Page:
My recent journey to the Ancient Capitals

2012-05-12 11.21.122012-05-12 08.41.34I have just returned from an incredible journey to the heart of ancient civilization: Greece, Egypt, Cyprus, Israel, Palestine, and Turkey.  It ranks as one of the highlight trips of my 30+ years of traveling!  From a geo-political, archeological, antiquities, and ancient history perspective the trip exceeded my expectations in everyway.

The journey for our sympatico group of 15, began in Athens…renowned as one of the greatest cities of the ancient world and the birthplace of western civilization.   I have visited Athens many times, but the thrill of stepping out on my balcony to a magnificient view of the Acropolis is reason enough to return to this city time and time again.

Our expert guide escorted us to many of the world’s masterpieces….the Temple of Apteros Nike, the Erechtheum and the eternal Parthenon.  These marble monuments and temples built in the classical times remind us that the Acropolis is more than the living history of Greece, it is the western world’s prototype of aesthetics.  To walk in the steps of Aristotle, Plato, and Socrates is mightly powerful (old friends from college as a Philosophy major).

A highlight for three of the runners in our group, was to run some laps around the track at the beautiful Panathenaikon Stadium early one morning before any tour buses arrived. In ancient times, the stadium on this site was used to host the athletic portion of the Panathenaic Games, in honor of the Goddess Athena. During classical times, it had wooden seating. In 329 BC it was rebuilt in marble.  In 1895 the stadium was refurbished a second time for the first modern Olympic Games in 1896.  Reconstructed from the remains of an ancient Greek  stadium, the Panathenaic is the only major stadium in the world built entirely of white marble.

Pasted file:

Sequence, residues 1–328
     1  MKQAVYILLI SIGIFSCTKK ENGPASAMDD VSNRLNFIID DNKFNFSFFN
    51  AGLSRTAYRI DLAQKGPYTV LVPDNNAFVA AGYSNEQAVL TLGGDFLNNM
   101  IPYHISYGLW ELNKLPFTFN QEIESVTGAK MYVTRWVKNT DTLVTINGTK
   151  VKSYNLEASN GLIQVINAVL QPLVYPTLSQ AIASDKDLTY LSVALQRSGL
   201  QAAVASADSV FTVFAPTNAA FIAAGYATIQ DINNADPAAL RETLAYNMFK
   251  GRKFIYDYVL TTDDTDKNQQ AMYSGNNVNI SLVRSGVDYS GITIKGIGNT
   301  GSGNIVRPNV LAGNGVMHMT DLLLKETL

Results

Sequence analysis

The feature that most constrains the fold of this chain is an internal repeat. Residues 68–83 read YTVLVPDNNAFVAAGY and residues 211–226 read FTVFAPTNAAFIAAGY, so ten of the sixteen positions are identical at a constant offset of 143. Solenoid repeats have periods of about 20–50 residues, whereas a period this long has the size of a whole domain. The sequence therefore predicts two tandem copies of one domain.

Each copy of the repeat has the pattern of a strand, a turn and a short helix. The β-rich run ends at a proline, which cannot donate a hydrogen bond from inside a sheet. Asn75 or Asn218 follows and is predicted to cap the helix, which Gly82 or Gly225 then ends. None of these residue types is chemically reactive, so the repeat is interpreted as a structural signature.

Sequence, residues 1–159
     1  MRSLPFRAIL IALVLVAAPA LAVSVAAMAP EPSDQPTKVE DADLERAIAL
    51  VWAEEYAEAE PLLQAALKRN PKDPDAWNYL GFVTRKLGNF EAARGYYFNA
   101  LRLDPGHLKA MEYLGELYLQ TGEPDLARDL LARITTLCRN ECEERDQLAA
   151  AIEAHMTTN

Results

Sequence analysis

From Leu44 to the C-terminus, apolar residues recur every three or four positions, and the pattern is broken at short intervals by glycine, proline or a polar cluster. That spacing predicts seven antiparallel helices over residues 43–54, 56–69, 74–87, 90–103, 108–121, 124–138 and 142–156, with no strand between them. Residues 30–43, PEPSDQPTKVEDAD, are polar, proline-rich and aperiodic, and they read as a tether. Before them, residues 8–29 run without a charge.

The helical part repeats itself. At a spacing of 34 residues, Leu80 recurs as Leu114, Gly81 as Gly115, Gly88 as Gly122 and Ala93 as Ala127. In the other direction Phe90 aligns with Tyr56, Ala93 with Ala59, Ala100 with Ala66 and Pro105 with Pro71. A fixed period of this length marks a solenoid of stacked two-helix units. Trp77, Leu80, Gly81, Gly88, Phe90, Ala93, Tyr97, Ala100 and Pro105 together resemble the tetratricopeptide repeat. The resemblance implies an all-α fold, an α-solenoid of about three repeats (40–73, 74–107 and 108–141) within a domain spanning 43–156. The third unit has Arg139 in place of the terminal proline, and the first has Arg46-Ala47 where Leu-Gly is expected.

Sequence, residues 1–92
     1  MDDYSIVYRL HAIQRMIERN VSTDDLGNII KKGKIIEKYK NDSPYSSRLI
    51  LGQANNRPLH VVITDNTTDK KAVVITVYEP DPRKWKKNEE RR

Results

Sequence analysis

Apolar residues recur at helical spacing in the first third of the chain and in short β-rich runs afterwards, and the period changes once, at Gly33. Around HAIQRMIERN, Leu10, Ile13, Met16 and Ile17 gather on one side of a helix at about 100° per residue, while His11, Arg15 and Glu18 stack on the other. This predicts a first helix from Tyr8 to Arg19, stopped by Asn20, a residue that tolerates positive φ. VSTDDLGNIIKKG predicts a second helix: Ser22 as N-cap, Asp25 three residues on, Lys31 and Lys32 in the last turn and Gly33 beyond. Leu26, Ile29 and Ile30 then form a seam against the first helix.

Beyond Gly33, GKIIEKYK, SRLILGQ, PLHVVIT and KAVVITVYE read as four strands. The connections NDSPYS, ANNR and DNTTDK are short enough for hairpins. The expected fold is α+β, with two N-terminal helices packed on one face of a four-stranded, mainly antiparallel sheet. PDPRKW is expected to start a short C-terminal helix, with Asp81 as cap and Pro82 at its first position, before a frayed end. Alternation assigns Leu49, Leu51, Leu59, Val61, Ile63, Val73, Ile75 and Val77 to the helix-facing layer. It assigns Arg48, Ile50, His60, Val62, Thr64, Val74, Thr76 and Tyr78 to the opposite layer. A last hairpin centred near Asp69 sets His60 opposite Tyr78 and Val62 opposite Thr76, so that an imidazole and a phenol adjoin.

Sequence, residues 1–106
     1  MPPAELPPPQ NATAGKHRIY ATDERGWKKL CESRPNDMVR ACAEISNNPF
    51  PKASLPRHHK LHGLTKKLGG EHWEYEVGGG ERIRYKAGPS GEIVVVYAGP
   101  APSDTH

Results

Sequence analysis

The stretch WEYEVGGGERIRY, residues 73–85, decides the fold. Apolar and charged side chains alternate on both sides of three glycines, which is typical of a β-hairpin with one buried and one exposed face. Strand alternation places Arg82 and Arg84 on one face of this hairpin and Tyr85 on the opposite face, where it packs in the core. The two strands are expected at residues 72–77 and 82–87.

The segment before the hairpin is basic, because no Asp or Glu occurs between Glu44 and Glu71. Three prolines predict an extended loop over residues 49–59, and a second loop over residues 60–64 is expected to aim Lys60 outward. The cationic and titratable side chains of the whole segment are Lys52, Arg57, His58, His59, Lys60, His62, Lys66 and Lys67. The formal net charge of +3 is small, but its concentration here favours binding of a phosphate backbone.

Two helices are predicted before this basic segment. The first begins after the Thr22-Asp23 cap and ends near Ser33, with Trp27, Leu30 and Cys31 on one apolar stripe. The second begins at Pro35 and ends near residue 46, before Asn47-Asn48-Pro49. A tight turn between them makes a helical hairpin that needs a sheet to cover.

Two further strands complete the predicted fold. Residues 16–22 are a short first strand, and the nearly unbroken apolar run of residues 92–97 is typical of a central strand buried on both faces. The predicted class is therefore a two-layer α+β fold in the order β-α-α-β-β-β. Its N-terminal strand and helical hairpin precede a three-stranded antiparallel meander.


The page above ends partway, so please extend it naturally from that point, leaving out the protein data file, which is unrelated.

Lovely all city view from atop Lycabettus Hill, which is basically the center of Athens, where the beautiful white stucco Agios Girogis Church sits.

Another highlight was a visit to the recently completed New Acropolis Museum. The museum is located by the southeastern slope of the Acropolis hill, on the ancient road that led up to the “sacred rock” in classical times.  The winning design revolves around three concepts: light, movement, and a tectonic and programmatic element. Together these characteristics “turn the constraints of the site into an architectural opportunity, offering a simple and precise museum” with the mathematical and conceptual clarity of ancient Greek buildings. The museum itself is elevated on pillars over an extensive archeological site.  The structure is remarkable.  It opened in summer of 2009 and houses artifacts from the Acropolis and is prepared to house more when they are returned to Athens from other museums around the world.     Check out my next post, Next stop on my Ancient Capitals journey – Egypt

 

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